But What About Forgiveness?

For February 7, 2021
When asked how many times we should forgive, the Lord Jesus Christ’s response was immediate, “Not just seven times, but seventy times seven!” (Matthew 18:22) We must be willing to forgive to the extent that He has forgiven us.

In other words, it is incumbent on us as Christians not to seek revenge, harbor grudges, or express ill will toward others whom we feel may have wronged us. Instead, the Lord challenges us to give them a “clean slate,” by treating them as if they have never wronged us, just as He does for us.

He expresses this Kingdom principle in His Model Prayer,

And forgive us our debts, as we also have forgiven our debtors…For if you forgive other people when they sin against you, your heavenly Father will also forgive you. But if you do not forgive others their sins, your Father will not forgive your sins (Matthew 6:12-14 NIV).

Romans 12:19-21 (NLT), which cites from Deuteronomy 32:35 and Proverbs 25:21-22, elaborates further on the necessity for forgiveness,

Dear friends, never take revenge. Leave that to the righteous anger of God. For the Scriptures say, “I will take revenge; I will pay them back,” says the Lord. Instead, “If your enemies are hungry, feed them. If they are thirsty, give them something to drink. In doing this, you will heap burning coals of shame on their heads.” Don’t let evil conquer you, but conquer evil by doing good.

While on the earth for nearly four years, the Lord taught incomparable lessons  on humility and self-denial such as, “If any man will come after me, let him deny himself, and take up his cross, and follow me” (Matthew 16:24 KJV). But the Twelve Disciples were slow to capture the essence of His teachings, much like we are today.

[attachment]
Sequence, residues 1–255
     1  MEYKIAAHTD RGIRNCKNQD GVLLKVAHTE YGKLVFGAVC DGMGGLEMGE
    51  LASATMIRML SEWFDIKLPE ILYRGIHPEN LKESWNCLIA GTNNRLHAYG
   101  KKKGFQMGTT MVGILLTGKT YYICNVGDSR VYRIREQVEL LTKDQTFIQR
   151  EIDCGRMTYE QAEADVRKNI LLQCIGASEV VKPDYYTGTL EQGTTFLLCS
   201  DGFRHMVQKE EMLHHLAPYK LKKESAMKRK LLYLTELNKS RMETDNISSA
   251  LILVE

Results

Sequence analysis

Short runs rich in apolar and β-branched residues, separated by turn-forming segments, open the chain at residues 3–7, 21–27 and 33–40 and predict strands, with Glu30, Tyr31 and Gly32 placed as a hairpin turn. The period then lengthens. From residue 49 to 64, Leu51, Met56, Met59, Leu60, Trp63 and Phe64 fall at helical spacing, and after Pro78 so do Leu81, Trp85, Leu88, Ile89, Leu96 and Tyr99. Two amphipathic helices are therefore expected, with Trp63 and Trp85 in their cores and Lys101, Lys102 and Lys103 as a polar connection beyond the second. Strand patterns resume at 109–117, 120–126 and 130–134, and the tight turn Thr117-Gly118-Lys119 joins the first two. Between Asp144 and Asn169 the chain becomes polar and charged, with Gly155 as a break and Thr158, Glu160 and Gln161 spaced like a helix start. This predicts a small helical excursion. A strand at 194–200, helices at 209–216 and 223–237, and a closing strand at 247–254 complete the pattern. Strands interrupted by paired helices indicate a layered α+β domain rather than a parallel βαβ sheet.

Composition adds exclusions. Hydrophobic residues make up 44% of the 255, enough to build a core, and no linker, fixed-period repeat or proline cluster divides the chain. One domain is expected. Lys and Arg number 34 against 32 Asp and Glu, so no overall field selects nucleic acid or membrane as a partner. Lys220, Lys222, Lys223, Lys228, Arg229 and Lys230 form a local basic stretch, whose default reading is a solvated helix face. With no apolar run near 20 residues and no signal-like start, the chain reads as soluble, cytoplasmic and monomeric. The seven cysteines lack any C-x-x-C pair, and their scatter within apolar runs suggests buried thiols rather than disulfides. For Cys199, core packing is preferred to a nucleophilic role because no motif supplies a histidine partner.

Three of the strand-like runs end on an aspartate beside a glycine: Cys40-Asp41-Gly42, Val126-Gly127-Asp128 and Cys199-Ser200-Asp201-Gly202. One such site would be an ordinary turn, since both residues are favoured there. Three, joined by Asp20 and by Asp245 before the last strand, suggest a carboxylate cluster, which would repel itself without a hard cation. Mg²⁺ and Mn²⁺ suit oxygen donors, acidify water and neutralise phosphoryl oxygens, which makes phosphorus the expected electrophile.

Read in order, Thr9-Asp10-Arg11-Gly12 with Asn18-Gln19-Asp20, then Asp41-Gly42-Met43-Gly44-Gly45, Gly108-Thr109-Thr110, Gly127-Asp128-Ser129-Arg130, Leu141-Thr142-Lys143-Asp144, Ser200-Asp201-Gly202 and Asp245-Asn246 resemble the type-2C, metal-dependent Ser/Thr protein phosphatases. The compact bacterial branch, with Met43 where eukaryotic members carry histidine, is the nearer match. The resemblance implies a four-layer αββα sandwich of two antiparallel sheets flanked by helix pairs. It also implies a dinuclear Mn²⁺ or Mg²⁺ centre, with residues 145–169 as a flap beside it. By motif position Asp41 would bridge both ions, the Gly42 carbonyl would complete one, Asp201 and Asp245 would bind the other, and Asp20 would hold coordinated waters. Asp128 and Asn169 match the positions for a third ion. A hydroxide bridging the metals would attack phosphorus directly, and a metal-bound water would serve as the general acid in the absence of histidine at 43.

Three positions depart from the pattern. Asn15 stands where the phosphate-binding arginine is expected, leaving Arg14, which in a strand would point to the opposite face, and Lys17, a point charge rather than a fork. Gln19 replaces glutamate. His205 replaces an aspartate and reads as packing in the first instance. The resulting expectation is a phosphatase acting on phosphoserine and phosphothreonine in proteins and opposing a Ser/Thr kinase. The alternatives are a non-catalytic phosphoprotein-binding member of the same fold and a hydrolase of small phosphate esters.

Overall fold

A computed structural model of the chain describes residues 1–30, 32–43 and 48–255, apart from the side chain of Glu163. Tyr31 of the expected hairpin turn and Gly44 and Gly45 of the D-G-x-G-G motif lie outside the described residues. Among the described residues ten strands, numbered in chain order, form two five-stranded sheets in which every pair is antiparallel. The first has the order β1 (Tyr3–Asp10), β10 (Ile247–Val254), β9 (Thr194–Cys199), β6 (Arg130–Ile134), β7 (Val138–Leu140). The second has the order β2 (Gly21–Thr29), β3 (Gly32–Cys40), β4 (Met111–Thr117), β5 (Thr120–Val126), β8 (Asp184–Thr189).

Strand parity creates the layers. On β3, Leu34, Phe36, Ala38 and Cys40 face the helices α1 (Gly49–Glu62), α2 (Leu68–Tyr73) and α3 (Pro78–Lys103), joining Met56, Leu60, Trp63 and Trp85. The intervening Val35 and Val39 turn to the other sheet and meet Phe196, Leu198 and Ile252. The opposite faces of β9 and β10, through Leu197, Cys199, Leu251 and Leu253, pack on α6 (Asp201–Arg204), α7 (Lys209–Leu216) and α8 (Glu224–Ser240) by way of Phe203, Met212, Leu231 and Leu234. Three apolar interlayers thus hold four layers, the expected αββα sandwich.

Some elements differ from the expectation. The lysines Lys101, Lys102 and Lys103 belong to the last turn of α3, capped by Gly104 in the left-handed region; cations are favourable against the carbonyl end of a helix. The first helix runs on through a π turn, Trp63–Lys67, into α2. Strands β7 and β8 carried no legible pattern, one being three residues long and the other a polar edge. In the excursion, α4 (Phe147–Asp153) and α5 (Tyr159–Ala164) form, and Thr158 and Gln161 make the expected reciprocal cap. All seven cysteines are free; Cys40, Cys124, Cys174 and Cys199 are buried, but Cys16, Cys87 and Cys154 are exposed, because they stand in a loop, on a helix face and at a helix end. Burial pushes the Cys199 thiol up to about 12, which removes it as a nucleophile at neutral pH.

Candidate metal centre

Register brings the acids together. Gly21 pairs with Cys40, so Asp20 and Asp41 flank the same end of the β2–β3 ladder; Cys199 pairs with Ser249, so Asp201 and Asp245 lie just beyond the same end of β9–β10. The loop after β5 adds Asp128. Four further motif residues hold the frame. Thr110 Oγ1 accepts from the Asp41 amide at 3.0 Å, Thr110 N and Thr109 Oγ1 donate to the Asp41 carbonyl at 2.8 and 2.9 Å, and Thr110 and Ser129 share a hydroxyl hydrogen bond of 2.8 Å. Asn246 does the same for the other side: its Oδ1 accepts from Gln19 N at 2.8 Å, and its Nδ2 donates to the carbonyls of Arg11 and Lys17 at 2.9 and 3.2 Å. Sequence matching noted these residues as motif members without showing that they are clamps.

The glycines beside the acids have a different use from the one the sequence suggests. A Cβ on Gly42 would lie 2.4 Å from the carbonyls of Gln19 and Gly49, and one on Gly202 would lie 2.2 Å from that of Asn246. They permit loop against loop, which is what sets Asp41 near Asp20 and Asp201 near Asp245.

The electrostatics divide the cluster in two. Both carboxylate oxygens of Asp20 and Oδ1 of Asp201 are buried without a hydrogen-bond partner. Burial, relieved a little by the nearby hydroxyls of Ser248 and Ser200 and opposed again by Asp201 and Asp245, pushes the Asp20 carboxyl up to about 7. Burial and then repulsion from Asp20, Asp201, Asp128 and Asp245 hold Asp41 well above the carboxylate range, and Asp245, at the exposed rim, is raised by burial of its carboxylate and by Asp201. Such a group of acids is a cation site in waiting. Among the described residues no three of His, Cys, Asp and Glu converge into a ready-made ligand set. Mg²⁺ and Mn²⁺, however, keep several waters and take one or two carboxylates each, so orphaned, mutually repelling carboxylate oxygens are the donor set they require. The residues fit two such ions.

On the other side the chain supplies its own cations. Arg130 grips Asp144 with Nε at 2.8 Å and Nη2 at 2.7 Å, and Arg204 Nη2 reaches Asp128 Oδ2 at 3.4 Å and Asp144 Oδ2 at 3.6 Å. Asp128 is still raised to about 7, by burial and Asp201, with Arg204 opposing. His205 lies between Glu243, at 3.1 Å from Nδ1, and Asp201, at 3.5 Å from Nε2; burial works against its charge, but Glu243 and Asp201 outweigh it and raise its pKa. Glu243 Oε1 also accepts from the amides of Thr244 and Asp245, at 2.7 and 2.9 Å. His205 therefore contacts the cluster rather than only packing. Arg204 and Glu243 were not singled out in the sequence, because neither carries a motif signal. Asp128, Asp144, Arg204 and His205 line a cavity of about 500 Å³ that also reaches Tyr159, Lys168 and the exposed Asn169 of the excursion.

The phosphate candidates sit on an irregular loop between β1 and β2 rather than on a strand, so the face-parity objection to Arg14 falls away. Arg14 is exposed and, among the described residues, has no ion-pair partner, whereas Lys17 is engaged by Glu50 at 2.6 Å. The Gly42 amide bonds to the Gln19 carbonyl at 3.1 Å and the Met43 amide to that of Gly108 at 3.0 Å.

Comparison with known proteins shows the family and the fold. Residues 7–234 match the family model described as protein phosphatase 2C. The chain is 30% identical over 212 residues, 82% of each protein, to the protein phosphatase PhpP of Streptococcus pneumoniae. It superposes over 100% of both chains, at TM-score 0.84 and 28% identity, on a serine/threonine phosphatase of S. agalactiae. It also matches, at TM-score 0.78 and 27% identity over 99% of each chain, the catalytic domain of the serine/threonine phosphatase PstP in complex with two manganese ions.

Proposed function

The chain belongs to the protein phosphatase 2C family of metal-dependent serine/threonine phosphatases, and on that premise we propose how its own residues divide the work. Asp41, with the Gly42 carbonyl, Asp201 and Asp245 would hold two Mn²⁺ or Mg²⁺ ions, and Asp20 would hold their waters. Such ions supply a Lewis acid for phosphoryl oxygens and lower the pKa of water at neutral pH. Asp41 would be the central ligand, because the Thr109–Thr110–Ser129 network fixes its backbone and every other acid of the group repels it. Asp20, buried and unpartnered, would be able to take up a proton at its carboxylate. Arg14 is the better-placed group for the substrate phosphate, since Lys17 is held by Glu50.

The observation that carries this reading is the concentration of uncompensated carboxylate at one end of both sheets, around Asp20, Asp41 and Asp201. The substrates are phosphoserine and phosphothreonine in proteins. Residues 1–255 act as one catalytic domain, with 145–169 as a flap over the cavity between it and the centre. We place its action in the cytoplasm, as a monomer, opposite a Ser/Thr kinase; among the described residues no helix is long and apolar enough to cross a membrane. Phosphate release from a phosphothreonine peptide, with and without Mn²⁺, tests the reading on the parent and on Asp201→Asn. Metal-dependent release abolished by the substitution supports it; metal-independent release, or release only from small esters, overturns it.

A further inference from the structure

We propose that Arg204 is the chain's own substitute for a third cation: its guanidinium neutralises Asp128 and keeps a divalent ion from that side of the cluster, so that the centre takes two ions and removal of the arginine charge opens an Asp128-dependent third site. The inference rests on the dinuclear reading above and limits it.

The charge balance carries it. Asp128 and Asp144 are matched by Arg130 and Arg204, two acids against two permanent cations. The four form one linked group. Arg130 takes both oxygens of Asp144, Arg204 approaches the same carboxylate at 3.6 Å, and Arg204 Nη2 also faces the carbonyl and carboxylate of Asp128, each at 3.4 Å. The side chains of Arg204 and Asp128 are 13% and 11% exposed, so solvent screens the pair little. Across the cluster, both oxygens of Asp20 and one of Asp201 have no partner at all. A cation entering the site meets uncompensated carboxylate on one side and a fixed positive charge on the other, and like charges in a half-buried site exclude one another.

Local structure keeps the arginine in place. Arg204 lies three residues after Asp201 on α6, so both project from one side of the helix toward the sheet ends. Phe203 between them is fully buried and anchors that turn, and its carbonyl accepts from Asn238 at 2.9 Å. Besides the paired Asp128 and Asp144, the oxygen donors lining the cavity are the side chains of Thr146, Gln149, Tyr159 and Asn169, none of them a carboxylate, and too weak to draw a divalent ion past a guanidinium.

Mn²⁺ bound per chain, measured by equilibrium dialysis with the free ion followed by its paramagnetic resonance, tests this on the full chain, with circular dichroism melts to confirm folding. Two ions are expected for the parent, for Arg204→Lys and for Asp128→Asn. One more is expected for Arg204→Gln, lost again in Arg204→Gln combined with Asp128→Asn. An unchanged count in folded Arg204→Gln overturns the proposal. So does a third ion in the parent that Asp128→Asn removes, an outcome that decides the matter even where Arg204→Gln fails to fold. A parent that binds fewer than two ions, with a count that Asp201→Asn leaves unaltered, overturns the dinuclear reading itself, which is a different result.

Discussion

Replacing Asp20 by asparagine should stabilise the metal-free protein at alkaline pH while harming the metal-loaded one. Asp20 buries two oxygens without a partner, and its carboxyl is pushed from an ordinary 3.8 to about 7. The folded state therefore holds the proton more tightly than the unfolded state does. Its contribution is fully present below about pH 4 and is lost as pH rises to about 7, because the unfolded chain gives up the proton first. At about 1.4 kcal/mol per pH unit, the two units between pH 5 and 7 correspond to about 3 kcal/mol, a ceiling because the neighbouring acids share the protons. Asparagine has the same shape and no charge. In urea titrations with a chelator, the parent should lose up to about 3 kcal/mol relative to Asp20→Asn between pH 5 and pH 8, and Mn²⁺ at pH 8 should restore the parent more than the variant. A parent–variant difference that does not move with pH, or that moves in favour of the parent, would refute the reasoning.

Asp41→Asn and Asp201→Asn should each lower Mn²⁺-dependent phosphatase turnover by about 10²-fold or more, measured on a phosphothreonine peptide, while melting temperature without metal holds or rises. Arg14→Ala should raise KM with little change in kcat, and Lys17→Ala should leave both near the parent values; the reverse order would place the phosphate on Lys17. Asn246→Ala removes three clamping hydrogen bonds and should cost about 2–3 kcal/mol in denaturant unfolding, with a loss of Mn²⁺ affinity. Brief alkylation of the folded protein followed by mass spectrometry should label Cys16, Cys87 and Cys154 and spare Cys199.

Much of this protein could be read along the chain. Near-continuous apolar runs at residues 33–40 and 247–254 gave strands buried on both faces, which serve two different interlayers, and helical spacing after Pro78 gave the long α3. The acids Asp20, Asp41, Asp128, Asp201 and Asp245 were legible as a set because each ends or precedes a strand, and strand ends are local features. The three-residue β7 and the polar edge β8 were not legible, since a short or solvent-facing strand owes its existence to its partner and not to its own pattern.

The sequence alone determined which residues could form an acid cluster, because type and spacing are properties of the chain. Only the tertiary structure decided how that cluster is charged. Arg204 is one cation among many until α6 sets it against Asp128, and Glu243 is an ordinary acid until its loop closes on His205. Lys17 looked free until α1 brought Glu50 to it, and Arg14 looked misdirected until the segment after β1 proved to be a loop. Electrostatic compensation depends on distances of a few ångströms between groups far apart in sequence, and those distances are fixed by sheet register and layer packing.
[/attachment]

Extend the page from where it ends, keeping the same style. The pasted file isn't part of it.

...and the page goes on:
In addition, we have the Lord as our prime example of humility and self-sacrifice. He freely emptied Himself of His deity and took on a human form so that He could offer Himself as our payment for sin. Yet again, we do not understand that the Kingdom of God encompasses the spiritual realm of God’s glory, majesty, and dominion over the heavens and the earth. It is not a visible kingdom now, but it will be gloriously and incredibly visible soon.

As it was two thousand years ago, it is still true today. We prefer retaliation over reconciliation. From childhood to adulthood, we are taught not to “show any weakness” or let someone “take advantage” of us.

The Lord characterized the End Times as a period of escalating hostility. We see overt “Signs of the Times” in heightened levels of national and international warfare, the proliferation of hostility and rage, and increasing random violence.

In our modern world, we keep track of offenses, and we bear grudges when we need to overlook the offense and forgive the offender. We also “rate” sins on a “sliding scale” as though one sin was more heinous than another looking to justify ourselves.

 But no one can make comparisons since all of us have sinned, and we are deficient of God’s righteous standards (Romans 3:23). Rating sin can lead to falsely characterizing others for past criminal behavior, drug use, marital infidelity, divorce, or an abhorrent lifestyle—even when they now live for Christ fully.

Most of all, it’s hypocritical to condemn someone for his or her past when we have “skeletons” in our closet, as Jesus observes in Matthew 7:3-5 (NLT):

And why worry about a speck in your friend’s eye when you have a log in your own? How can you think of saying to your friend, “Let me help you get rid of that speck in your eye,” when you can’t see past the log in your own eye? Hypocrite! First get rid of the log in your own eye; then you will see well enough to deal with the speck in your friend’s eye.

All our sliding scales need rescinding and must be replaced with true forgiveness—that is to say, forgive the offender while forgetting the offense.

We cannot impose our self-righteous human standards on God’s divine principles by forgiving certain offenses or forgiving only to a certain level. We must practice what I heard my parents, teachers, and ministers say to me while I was growing up, “God hates sin, but He loves the sinner.”

Just as God does, we too must distinguish between the offense (or sin) and the offender (the sinner) through forgiveness. Certainly at the very least, our lives would be much healthier and happier as a result.

What a Wonderful Savior!